I've always used something similar to

class MyComponent extends React.Component {
    constructor(props) {
        this.state = {
            var1 : undefined,
            var2 : 'etc...',

But today I noticed while working in VS Code there is a strike-thru line on super(props), which was never there before !?

enter image description here What has changed? (the link to the docs in the popup is not very helpful)


5 Answers 5


My guess is that your editor is showing you the description for the super(props, context) signature which is deprecated. That link it's pointing to is all about how the old context API is going away, and that particular call signature is part of what is leaving.

However, I haven't heard of a plain super(props) going away, you should be safe to continue using that.

  • 2
    I didn't even know there was a super(props,context) signature, therefore I've never used it. But VS Code (or whatever linter they are using) is causing just a normal super(props) to be flagged. I'll probably ignore it for now, until someone fixes it on their side.
    – joedotnot
    Sep 17, 2020 at 13:42

It looks like a bug. Please see - here for explanation and there is a link to a source.

  • Link only answers aren't much helpful. Next time, along with the link, include a snippet from that linked page. Also, that link now redirects to a spam ad site.
    – Nikhil
    Mar 25, 2022 at 20:11

Seems to be a bug. If you update your "@types/react" it will solve the problem.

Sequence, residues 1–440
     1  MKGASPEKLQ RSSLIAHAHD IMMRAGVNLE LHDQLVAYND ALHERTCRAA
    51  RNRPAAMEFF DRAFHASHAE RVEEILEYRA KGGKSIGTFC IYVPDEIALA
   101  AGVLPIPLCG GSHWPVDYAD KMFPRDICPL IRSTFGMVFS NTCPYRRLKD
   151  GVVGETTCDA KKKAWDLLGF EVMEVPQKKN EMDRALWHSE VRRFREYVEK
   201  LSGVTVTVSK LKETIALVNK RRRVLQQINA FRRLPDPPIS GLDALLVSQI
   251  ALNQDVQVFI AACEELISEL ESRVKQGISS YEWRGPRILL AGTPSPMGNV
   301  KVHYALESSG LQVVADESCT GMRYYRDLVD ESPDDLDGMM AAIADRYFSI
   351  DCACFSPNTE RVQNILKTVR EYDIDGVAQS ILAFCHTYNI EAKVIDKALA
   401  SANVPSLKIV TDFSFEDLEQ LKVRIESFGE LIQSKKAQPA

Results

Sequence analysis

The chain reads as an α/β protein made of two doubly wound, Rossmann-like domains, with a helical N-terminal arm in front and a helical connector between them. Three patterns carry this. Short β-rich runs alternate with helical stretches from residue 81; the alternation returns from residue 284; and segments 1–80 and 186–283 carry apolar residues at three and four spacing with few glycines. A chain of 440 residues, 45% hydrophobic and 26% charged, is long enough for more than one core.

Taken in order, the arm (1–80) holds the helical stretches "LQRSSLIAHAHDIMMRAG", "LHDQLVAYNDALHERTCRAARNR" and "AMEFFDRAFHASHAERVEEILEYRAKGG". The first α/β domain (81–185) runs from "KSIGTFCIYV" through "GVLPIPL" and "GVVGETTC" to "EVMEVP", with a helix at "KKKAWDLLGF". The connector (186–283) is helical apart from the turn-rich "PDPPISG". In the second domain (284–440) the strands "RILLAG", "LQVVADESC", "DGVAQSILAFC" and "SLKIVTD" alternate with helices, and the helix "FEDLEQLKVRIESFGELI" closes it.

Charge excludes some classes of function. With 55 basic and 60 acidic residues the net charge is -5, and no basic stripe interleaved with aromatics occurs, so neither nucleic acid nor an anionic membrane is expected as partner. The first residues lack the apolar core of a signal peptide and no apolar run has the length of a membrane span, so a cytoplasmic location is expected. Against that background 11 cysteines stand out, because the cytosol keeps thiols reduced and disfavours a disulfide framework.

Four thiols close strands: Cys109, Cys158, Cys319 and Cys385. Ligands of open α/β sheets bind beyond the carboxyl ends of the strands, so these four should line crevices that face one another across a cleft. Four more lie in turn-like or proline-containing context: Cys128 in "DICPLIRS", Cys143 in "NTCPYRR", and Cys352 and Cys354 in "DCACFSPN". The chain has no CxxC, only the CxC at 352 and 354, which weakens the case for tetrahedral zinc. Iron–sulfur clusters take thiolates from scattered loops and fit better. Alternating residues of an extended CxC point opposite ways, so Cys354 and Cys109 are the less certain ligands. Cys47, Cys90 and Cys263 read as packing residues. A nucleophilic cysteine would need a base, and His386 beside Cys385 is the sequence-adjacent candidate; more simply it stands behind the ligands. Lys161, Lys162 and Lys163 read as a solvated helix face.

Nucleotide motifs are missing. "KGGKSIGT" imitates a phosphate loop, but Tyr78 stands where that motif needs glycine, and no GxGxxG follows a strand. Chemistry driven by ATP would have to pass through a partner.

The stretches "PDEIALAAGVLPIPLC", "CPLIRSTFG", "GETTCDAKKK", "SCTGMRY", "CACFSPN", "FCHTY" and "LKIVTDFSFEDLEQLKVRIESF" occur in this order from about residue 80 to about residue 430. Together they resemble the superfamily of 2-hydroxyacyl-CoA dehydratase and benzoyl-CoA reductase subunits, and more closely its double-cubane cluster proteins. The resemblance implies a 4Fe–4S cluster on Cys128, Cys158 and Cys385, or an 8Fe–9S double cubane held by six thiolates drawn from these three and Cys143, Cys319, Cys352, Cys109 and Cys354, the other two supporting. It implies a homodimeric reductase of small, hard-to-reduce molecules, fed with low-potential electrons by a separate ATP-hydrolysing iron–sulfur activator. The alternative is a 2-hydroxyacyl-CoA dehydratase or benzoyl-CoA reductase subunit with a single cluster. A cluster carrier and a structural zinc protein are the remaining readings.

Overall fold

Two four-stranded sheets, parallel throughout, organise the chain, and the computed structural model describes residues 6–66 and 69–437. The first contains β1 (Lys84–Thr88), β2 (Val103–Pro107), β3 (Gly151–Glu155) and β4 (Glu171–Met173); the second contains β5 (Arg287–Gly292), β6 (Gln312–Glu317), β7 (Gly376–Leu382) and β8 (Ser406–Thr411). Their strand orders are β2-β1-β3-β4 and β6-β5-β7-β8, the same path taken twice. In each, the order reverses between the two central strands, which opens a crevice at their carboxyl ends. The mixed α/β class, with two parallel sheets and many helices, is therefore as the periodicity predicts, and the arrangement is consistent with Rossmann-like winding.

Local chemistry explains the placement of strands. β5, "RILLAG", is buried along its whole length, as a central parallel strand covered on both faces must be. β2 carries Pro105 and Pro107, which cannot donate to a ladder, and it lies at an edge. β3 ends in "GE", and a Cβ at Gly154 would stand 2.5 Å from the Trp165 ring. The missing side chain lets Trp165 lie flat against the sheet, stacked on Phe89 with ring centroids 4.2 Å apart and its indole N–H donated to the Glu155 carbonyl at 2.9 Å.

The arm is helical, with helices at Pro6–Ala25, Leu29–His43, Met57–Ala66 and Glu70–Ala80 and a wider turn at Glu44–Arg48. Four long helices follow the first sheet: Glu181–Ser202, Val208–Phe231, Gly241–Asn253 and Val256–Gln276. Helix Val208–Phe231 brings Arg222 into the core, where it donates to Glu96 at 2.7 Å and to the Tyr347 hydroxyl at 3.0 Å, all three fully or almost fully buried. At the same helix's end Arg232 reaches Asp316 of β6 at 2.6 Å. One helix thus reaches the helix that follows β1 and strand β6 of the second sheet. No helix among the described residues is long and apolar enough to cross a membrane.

npm install --dev @types/react

when you your code on the @latest

npm install --also=dev @types/react

super(props) is not been deprecated. See the official doc - https://reactjs.org/docs/react-component.html#constructor

This is not an error actually. This is a bug related to the code editor, Typescript and React. You can read here - https://github.com/microsoft/TypeScript/issues/40511

The good news is this is resolved. You can find the solution here - https://github.com/DefinitelyTyped/DefinitelyTyped/pull/47784


Use just super() instead of super(props)

super(props) :

  • By using this, we can access and use this.props object in the constructor.

super() :

  • If you are not using this.props in the constructor there is no need to pass props to the super().

  • Instead of this.props, you can always use props.

  • It’s okay to not pass props to super as irrespective of passing it to super, this.props is still available inside render function.

    class MyComponent extends React.Component {
        constructor(props) {
            this.state = {
                 var1 : undefined,
                 var2 : 'etc...',
  • 1
    This just creates an error instead for those with type-checking turned on, as there currently isn't a zero-param overload for the constructor in the React types.
    – Inkling
    Sep 29, 2020 at 5:29

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